PNK » Topics » Corporate Expenses. Corporate costs for the fourth quarter of 2005 were $6.4 million compared to $7.5 million in the prior-year period. For the year, corporate expenses totaled $23.5 million versus $22.6 million in 2004.

This excerpt taken from the PNK 8-K filed Feb 22, 2006.

Corporate Expenses. Corporate costs for the fourth quarter of 2005 were $6.4 million compared to $7.5 million in the prior-year period. For the year, corporate expenses totaled $23.5 million versus $22.6 million in 2004.

Pre-opening and Development Costs. During the quarter, the Company incurred $3.3 million of pre-opening and development costs associated primarily with its St. Louis projects, versus $4.0 million in the 2004 period primarily for L’Auberge du Lac and, to a lesser extent, the St. Louis projects.

For the year, pre-opening and development costs were $29.6 million, compared to $14.4 million in 2004. This reflected the openings of the L’Auberge du Lac facility and the Argentina facility in May and July 2005, respectively, and the ongoing development of the St. Louis projects.

 

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Loss on Early Extinguishment of Debt. The Company refinanced its bank credit facility in December 2005, increasing its size and flexibility and reducing its pricing. Although the refinancing was structurally and economically positive for the Company, it resulted in a write-off of unamortized debt issuance costs related to the prior facility of $2.4 million in the period. The Company has had a series of such refinancings in recent years, as its credit position has improved and it has taken advantage of lower interest rates and positioned itself to fund construction of L’Auberge, the St. Louis projects, and the three expansions of existing properties. As a result, there was also a loss on early extinguishment of debt in the fourth quarter of 2004 totaling $3.5 million. For the years 2005 and 2004, such debt extinguishment on refinancing charges were $3.8 million and $14.9 million, respectively.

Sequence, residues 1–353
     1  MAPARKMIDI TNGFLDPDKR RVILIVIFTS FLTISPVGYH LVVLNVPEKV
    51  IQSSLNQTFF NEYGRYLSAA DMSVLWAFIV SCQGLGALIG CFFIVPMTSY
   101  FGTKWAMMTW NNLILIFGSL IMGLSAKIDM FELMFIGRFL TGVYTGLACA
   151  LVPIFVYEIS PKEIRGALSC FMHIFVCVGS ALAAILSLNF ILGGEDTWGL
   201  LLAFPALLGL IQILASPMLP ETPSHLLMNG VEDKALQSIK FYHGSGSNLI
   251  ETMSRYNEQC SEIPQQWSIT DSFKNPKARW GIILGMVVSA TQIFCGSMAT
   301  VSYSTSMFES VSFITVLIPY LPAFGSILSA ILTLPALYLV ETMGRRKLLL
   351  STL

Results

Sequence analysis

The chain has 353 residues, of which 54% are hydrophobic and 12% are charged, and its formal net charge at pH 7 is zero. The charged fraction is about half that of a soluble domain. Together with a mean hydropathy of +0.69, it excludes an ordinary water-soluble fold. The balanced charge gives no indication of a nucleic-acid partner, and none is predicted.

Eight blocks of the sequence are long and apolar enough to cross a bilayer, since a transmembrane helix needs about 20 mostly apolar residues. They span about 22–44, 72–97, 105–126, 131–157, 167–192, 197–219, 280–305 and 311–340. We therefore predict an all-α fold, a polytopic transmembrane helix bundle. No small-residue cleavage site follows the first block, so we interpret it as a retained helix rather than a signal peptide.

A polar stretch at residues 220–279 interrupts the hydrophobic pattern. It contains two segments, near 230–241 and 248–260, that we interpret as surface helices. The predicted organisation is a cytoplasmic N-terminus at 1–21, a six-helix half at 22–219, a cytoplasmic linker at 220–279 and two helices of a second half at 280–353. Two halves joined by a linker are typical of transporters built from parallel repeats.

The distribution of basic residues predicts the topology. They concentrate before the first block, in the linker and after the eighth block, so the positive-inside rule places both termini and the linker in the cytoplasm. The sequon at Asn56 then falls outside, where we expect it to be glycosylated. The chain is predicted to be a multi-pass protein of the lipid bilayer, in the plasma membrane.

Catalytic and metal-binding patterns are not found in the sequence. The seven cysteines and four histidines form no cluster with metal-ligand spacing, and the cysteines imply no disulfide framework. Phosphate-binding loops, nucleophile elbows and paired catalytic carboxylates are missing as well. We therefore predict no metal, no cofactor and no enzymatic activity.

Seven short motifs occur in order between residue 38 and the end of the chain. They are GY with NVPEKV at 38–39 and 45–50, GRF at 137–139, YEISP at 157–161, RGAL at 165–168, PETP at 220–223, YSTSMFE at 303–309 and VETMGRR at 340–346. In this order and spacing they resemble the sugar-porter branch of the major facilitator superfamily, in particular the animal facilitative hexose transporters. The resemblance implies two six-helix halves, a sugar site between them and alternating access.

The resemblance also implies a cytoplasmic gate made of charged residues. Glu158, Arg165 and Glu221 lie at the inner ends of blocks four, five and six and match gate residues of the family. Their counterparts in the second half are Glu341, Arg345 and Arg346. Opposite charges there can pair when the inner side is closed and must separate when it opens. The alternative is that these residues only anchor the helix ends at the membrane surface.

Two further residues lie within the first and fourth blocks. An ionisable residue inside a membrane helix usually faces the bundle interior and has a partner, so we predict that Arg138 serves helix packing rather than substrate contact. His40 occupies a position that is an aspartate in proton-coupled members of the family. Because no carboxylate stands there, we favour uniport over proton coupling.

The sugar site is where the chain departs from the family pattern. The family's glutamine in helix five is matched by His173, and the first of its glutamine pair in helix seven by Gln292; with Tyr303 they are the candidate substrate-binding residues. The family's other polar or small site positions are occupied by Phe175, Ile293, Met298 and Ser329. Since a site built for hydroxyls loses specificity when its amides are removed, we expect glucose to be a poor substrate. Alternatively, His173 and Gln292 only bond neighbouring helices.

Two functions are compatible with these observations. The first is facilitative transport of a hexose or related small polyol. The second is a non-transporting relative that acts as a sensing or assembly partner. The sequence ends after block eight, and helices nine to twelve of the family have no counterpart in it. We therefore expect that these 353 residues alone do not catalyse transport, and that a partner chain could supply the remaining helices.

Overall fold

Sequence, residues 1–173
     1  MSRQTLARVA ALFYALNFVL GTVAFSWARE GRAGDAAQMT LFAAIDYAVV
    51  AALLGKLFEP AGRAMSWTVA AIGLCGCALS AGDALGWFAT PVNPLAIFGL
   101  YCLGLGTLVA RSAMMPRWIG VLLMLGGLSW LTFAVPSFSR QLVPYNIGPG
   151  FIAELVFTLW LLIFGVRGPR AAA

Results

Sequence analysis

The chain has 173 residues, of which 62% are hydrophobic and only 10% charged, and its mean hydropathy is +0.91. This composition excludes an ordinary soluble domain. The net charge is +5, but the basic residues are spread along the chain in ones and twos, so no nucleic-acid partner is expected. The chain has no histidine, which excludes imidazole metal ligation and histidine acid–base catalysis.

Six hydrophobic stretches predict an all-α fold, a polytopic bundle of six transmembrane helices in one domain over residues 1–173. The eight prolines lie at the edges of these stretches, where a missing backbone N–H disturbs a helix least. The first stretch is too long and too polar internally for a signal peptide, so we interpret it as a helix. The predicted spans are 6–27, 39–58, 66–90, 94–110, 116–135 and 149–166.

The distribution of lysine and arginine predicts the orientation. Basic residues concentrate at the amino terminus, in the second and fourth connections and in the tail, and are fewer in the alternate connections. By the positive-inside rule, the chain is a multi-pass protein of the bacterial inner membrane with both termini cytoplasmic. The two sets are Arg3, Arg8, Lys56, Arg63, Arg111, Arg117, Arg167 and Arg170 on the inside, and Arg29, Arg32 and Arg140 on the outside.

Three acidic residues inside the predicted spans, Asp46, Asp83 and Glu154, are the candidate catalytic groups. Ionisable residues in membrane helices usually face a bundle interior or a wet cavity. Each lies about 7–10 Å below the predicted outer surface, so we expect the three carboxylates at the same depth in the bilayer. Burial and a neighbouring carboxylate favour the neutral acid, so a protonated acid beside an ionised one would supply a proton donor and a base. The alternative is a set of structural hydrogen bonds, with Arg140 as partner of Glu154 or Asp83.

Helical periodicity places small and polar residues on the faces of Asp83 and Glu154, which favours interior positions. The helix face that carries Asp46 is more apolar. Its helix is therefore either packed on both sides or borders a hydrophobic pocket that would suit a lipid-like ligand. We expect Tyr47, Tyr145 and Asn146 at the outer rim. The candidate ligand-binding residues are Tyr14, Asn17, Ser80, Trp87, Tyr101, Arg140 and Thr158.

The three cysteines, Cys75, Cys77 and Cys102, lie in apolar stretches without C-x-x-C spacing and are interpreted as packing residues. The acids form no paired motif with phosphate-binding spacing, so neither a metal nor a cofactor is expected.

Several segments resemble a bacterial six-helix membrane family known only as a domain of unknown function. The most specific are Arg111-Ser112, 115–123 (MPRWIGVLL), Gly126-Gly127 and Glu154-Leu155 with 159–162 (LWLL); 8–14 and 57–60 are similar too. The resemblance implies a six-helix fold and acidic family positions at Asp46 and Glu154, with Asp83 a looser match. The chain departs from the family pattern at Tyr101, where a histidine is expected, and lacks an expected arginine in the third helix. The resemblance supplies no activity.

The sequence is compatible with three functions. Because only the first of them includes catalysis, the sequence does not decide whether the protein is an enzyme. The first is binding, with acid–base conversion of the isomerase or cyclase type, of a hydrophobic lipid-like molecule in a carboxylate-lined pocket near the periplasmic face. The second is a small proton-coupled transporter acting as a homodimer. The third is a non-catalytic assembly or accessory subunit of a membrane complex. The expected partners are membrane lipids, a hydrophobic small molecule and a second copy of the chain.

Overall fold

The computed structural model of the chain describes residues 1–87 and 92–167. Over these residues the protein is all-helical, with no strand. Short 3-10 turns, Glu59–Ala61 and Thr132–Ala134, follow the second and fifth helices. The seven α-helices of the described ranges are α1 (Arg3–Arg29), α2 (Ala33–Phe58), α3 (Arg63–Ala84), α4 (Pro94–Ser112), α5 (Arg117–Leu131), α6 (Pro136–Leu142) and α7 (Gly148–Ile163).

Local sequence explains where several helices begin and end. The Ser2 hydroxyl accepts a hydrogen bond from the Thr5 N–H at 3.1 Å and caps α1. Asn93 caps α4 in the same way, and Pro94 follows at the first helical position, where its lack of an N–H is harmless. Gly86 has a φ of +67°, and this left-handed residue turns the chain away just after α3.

Discontinued Operations. As noted, the Company is in the process of selling its California card clubs. California law effectively does not permit a public company to operate card clubs. Hence, the Company for many years had leased these card clubs to a third-party operator. In 2004, the Company helped sponsor a voter initiative that would have permitted card clubs to offer slot machines. The measure was heavily opposed by Native American tribal casinos in California, which funded an extensive media campaign, and the measure was defeated. The Company determined that the upside of ownership of such leased facilities was limited and that it would prefer to focus its resources on businesses that it can manage directly. Furthermore, because of the value of its California real estate positions, the Company believes it can obtain a relatively high price relative to the rental income generated by these facilities. Hence, as of December 31, the card clubs have been reclassified as a business held for sale and past results show it as discontinued operations. The Company hopes to close the sale of the card clubs during the first half of 2006.

Income Tax Expense/Benefit. During the 2005 fourth quarter, the Company recorded net federal income tax credits of approximately $1.6 million relating to wage continuation payments to workers displaced by Hurricanes Katrina and Rita, approximately $752,000 of which related to wages for Casino Magic Biloxi.

During the 2005 third quarter, the Company recorded a tax benefit of approximately $9.8 million associated with its Belterra operations. Belterra generated losses in its first periods after its opening in 2000. Such losses would ordinarily create a tax benefit to the income statement. The Company fully reserved for the income tax benefits for Indiana state income tax purposes as the realization of such benefits was deemed uncertain. Belterra has shown a remarkable turnaround in recent years, assisted by a guestroom addition completed in 2004. Meanwhile, Indiana courts have taken an unusual position that, under Indiana law, gaming taxes are not deductible in determining net income for Indiana state income taxes. Between the improvement in operations and the tax rulings, management now believes Belterra is likely to someday incur state income taxes and therefore utilize the benefits. As a result, the Company reversed approximately $9.8 million of valuation allowance for its Indiana state income tax Net Operating Loss carryforwards.

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